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Buying & Selling: NL Starters

Here at RotoGraphs, we receive a lot of would you trade/drop questions from readers. In response, we figure an article focusing on which players we are buying or selling might be helpful for the readership. So, let’s give this a shot. Let us know what you think in the comments.

Fantasy owners should have a decent grasp on their team by May. At this point in the year, sleepers have had a month to show they were worth a draft pick, and older players have shown signs of decline. While not perfect, both BABIP and FIP/xFIP can give you an idea of whether certain performances are sustainable going forward. On top of evaluating their own teams, fantasy owners can target buy-low players from other teams, making a move that will greatly impact the outcome of their leagues. Andrew Cashner and Marco Estrada may have gotten off to different starts, but neither player should be valued based strictly on their performances this season.

Sell high: Padres SP Andrew Cashner

I wrote about Cashner last week, detailing the lack of velocity on his slider. That same day, Padres beat reporter Corey Brock revealed Cashner has been throwing a knuckle-slider this year, which may have been the cause of his diminished velocity with the pitch. I was then told by someone close to the situation that Cashner was going to shift back to a regular slider in his following start. After looking at the PITCH f/x data from his May 19 start, that doesn’t appear to be the case. The lowered velocity on the pitch has led to fewer strikeouts from Cashner this year, limiting some of his value. He’s said the change in approach has allowed him to get deeper into games, and that’s good, but it’s going to limit his upside. Both his 3.99 FIP and 4.28 xFIP indicate that he’s pitched a bit over his head this year as well. Unless that hard slider starts appearing, you might try and sell Cashner as a young pitcher who has finally figured things out.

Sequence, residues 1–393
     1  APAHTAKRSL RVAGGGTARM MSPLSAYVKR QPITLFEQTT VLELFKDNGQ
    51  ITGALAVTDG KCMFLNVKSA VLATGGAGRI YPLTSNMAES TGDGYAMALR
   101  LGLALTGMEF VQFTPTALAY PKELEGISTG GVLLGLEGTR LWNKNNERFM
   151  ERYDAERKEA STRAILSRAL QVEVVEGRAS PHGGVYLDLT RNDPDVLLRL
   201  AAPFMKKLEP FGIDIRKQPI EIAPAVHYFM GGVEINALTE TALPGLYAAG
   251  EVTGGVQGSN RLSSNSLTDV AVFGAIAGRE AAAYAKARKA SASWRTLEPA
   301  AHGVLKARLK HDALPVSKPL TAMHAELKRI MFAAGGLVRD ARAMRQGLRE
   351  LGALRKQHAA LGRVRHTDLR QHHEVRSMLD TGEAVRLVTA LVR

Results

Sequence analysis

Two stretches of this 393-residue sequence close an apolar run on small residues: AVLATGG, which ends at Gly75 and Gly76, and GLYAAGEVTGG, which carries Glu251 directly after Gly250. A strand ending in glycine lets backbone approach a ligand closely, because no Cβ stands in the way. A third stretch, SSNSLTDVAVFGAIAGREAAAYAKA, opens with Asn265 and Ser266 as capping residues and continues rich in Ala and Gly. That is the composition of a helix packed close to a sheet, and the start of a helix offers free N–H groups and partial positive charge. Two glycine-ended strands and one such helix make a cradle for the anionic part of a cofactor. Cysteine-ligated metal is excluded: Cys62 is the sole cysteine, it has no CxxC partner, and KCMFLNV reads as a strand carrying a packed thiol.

Buy low: Brewers SP Marco Estrada

In some ways, Estrada is the polar opposite of Cashner. His fastball averages just over 90 mph and isn’t going to overpower anyone. Estrada relies on a nasty curveball, which allowed him to put up a strong 3.35 FIP last season. While that combination can be effective, Estrada’s fastball often leads to a high number of home runs when it’s not perfectly located. That’s been his biggest bugaboo this year, leading to a 1.93 HR/9 rate. That’s the fourth highest rate among pitchers this season. Though Estrada will be homer-prone, that’s unsustainable. His 4.18 xFIP indicates what he’s capable of doing once the home run rate evens out. An eight run game against the Cardinals recently is also a big reason for Estrada’s awful 5.44 ERA. It should be noted that Estrada has also increased his ground ball rate from 34.3% to 41% this year, which has been accomplished by throwing more change-ups. Admittedly, Estrada is a cautious buy-low candidate. While it seems likely the home run rate would fall, it’s not guaranteed. And, right now, it would be tough to start him in a hitter’s park or against a strong offensive team. But if he can recapture some of his excellent control from last season, and start pitching backward more, he can recapture some success from last season. Given his awful performance thus far, it might not take much to pry Estrada away from a fed-up owner.